Equity: The act and promotion of fairness in the distribution of resources, in providing and creating opportunities, in evaluating systems, and in the development and implementation of policies, procedures, and processes.

Equality: The state of being equal especially in status, rights, and opportunities. Equal treatment means treating everyone as if their experiences have been the same, which can only result in equity if everyone starts with equal access to opportunities.

Inclusion: The state of being intentional about ensuring that traditionally excluded individuals and/or groups and different perspectives are welcomed, respectfully heard, and included in activities and decision/policy making. An inclusive culture means that all individuals are accepted, respected, feel a sense of belonging, and are able to participate and achieve to their full potential. Barriers to inclusion are identified and systematically removed.

Social Justice: Equal access to opportunities, resources, social and political rights, and privileges within a society.

Systemic Inequities: Unequal distribution, through an embedded bias, of resources and benefits for communities or members of a community. Such resources and benefits may include equal access to health care, education, housing, property rights, promotion, tenure, and scholarships.

Systemic Injustices: The inherent violation, within an institution, of the rights of others that might lead to unfair labor practices or discrimination due to skin color, gender, ethnicity, age, or sexual orientation.

More Diverse Curriculum: Inclusion of a more diverse curriculum that is inclusive of scientific and mathematical contributions and scientists that make meaningful connections between what students learn and their cultures, languages, and life experiences.

Inclusive Pedagogy: A student-centered approach to teaching in which educators create an inviting and engaging learning environment for all students that respectfully recognize their individual and group diversity which includes learning styles, and physical and cognitive abilities.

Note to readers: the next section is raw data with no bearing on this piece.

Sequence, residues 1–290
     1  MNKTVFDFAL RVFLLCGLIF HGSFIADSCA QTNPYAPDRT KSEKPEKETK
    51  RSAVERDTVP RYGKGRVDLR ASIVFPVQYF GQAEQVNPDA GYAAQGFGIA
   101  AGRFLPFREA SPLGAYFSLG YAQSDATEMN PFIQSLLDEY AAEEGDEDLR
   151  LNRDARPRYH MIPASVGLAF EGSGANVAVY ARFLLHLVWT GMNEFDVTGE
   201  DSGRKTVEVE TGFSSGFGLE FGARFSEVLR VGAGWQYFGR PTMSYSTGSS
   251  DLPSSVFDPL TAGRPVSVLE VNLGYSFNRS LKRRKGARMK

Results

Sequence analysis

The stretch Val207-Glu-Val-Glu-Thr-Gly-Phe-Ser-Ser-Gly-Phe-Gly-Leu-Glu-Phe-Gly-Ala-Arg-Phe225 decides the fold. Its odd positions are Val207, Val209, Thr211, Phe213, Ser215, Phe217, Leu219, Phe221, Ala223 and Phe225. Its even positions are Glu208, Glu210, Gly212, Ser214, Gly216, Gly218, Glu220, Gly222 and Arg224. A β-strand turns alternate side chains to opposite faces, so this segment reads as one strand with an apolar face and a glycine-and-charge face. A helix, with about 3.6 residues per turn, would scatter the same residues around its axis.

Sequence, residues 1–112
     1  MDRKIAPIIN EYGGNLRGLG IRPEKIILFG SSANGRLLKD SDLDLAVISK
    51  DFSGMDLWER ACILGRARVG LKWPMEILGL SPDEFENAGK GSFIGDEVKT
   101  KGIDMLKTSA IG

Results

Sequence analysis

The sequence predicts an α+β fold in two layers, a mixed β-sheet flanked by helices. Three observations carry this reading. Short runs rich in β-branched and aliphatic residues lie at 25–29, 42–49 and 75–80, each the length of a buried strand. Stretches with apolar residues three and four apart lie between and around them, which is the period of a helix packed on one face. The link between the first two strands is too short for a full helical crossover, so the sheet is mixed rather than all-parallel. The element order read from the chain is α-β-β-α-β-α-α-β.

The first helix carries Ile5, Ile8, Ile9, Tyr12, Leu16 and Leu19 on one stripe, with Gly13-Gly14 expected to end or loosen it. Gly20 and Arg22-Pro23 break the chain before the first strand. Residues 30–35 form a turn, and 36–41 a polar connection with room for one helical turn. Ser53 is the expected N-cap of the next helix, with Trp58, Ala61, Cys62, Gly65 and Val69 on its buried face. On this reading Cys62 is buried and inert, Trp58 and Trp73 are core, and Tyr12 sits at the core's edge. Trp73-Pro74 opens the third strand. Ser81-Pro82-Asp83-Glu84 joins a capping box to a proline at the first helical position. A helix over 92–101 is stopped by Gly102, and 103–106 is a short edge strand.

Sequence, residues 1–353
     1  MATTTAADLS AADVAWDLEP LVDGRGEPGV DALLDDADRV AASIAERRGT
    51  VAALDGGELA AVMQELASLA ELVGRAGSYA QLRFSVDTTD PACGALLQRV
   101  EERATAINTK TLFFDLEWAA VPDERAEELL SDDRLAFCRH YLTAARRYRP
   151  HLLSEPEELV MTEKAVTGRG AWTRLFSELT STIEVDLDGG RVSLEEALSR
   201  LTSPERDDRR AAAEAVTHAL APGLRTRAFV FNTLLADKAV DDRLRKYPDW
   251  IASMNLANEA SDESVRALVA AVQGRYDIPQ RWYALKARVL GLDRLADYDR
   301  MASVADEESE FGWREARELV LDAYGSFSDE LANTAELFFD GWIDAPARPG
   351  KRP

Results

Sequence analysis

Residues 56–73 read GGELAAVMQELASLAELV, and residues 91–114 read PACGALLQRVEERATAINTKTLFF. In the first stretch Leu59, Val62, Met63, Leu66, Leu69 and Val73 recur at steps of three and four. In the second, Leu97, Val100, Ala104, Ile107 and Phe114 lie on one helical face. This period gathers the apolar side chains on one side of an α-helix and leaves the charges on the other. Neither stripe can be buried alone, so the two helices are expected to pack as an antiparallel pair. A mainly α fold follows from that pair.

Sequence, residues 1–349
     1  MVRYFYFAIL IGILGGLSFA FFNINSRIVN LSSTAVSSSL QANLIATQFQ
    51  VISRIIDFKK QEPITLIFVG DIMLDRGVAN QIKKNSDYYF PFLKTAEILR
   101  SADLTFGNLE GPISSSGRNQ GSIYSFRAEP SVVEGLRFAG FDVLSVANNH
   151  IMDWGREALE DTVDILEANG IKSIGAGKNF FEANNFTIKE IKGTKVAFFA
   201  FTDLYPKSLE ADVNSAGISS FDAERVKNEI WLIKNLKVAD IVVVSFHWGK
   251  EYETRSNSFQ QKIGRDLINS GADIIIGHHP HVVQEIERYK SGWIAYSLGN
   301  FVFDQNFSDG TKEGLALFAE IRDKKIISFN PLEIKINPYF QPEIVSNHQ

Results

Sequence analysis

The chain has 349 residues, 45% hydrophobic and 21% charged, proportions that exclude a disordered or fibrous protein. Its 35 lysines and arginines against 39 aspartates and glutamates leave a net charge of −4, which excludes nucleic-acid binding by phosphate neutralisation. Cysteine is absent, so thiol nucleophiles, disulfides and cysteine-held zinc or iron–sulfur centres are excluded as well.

Appendix B

VISION STATEMENT
The College of Science will be recognized as a national model for its significant contribution and impact in making our communities and our world better, fair, diverse, and inclusive. This will be accomplished by preparing world leaders who will expand the frontiers of science and mathematics and their application in identifying solutions to societal and global challenges, systemic inequities, and will contribute to a society that embraces justice for all people.

MISSION STATEMENT
The College of Science prepares graduates for careers in the physical, life, and mathematical sciences and provides mathematical and scientific foundations for all RIT students through academic programs and impactful innovative research that expand scientific knowledge and develop new technologies to advance the sciences and their application to society and our environment. We embrace social justice and equity-related to but not limited to education, research, and the scientific community at large.

GUIDING PRINCIPLES

  • Student Success
  • Academic Excellence
  • Faculty and Staff Success
  • Diversity, Social Justice, and Inclusive Excellence
  • Synergy and Outreach
  • Environment and Infrastructure
  • Academic Operations

OVERARCHING GOALS
The College of Science will pursue its vision to be known for the high-quality education it provides for its students, its world-class research and expertise in target areas, its innovative, person-centered approaches to teaching and learning, and its graduates who will be equipped with cutting edge knowledge and will be prepared, through experiential learning and deep understanding of the principles of equity, social justice, and inclusive excellence, to succeed in their chosen careers.

GOAL - 1: Provide excellent mathematics and science foundation courses for all RIT students and develop and support academic programs that will instill interdisciplinary inquiry and intellectual growth, and will prepare our graduates for careers in a rapidly changing global marketplace.

GOAL - 2: Build on our successes and develop and support active, world-class, cross-disciplinary research programs and centers of excellence that will attract first-rate scientists to RIT, will provide rich, person-centered diverse, and inclusive learning environments for our students, and will be supported by grants, foundations, and industrial sponsorship.

GOAL - 3: Promote, support, and enhance a vigorous, diverse, inclusive, and rewarding academic environment that fosters faculty and staff professional growth, job satisfaction, impartiality, social justice, equality, and equity for all members of the College.

GOAL - 4: Develop partnerships and outreach programs with business, industry, government, K-12 community, alumni, and other RIT academic and business units in support of the goals of the College and Institute.

GOAL - 5: The College of Science will be housed in state-of-the-art facilities and will provide the infrastructure that will enable excellence in science and math education and research.